He concluded: "The latest results of the SYMPLICITY HTN-3 trial show that the renal denervation procedure is safe but reduces blood pressure to a similar extent as a sham procedure. Our findings cast doubt on whether , as performed in the SYMPLICITY HTN-3 trial, is useful for lowering in patients with resistant hypertension. However, despite these results, further studies using the insights obtained from this and other studies should be conducted using a sham control arm to confirm our results."

Explore further: EuroPCR 2014 session defines future horizons for renal denervation

Related Stories

EuroPCR 2014 session defines future horizons for renal denervation

May 27, 2014
During EuroPCR 2014, Felix Mahfoud, University Hospital in Homburg, Germany, and Konstantinos Tsioufis, University of Athens, Greece, reflected on the potential future role of modulation of the sympathetic nervous system ...

Renal denervation shows no benefit in resistant hypertension

March 31, 2014
Renal denervation fell short of primary and secondary efficacy goals in patients with severe resistant hypertension but did meet the primary safety endpoints, according to keenly awaited data from SYMPLICITY HTN-3 presented ...

Renal denervation achieves significant and sustained blood pressure reduction

August 27, 2012
Renal denervation leads to significant and sustained blood pressure reduction for up to 18 months in patients with treatment resistant hypertension, according to research presented at ESC Congress 2012. The new clinical data ...

Renal denervation patient registry finds low rate of adverse events

March 31, 2014
Patients with uncontrolled high blood pressure treated with renal denervation had low rates of adverse events and significant lowering of blood pressure at six months, according to a registry-based study presented at the ...

Renal denervation more successful when it includes accessory arteries

August 31, 2014
Renal denervation seems to be more successful at reducing blood pressure in patients with resistant hypertension when it includes accessory renal arteries, according to research presented at ESC Congress today by Dr Linda ...

Renal denervation treats resistant hypertension in real world patient populations

August 27, 2012
Renal denervation successfully treats patients with resistant hypertension in real world patient populations, according to a study presented at ESC Congress 2012. The findings were presented by Dr Darren Mylotte from France.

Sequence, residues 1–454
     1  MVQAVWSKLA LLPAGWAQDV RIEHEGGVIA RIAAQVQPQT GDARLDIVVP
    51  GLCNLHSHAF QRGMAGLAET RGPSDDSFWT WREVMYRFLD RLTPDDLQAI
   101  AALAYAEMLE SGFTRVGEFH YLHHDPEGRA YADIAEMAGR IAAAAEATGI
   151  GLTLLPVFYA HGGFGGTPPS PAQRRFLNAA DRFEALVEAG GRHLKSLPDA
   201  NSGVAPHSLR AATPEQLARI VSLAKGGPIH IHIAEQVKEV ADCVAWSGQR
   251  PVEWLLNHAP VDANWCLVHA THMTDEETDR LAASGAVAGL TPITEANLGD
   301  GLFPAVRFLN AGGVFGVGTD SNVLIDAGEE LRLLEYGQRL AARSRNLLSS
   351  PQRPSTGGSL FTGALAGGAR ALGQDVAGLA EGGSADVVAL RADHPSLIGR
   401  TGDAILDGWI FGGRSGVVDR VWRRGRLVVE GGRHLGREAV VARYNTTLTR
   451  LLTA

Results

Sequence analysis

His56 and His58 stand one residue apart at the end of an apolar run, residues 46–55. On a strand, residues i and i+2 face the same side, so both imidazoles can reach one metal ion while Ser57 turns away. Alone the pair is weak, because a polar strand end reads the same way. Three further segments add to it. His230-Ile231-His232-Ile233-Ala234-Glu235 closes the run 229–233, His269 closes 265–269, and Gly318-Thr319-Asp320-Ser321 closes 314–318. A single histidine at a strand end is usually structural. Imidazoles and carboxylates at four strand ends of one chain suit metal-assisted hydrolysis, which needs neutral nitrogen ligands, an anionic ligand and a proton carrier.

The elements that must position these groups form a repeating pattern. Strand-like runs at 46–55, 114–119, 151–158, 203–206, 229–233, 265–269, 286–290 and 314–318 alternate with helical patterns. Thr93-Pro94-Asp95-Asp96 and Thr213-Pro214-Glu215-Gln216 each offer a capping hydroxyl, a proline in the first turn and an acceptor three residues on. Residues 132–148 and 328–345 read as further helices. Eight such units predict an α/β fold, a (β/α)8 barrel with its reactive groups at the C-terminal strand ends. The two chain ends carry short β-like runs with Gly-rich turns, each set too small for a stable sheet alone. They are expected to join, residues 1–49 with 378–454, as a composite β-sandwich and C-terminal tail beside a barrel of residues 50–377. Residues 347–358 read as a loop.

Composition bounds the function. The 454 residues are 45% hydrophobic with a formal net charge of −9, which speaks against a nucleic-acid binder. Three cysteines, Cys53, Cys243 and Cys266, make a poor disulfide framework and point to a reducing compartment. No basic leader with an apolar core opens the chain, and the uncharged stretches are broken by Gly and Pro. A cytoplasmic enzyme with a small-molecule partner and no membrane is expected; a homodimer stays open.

Recommended for you

Laser device placed on the heart identifies insufficient oxygenation better than other measures

September 20, 2017
A new device can assess in real time whether the body's tissues are receiving enough oxygen and, placed on the heart, can predict cardiac arrest in critically ill heart patients, report researchers at Boston Children's Hospital ...

Metabolism switch signals end for healing hearts

September 19, 2017
Researchers have identified the process that shuts down the human heart's ability to heal itself, and are now searching for a drug to reverse it.

Beta blockers not needed after heart attack if other medications taken

September 18, 2017
A new study from the University of North Carolina at Chapel Hill finds beta blockers are not needed after a heart attack if heart-attack survivors are taking ACE inhibitors and statins. The study is the first to challenge ...

Which single behavior best prevents high blood pressure?

September 15, 2017
(HealthDay)—You probably already know that certain healthy lifestyle behaviors can reduce your risk of developing high blood pressure, but is any one behavior more important than the others?

RESPECT trial shows closing a small hole in heart may protect against recurrent stroke

September 13, 2017
A device used to close a small hole in the heart may benefit certain stroke patients by providing an extra layer of protection for those facing years of ongoing stroke risk, according to the results of a large clinical trial ...

Study shows so-called 'healthy obesity' is harmful to cardiovascular health

September 11, 2017
Clinicians are being warned not to ignore the increased cardiovascular health risks of those who are classed as either 'healthy obese' or deemed to be 'normal weight' but have metabolic abnormalities such as diabetes.


Please sign in to add a comment. Registration is free, and takes less than a minute. Read more

Click here to reset your password.
Sign in to get notified via email when new comments are made.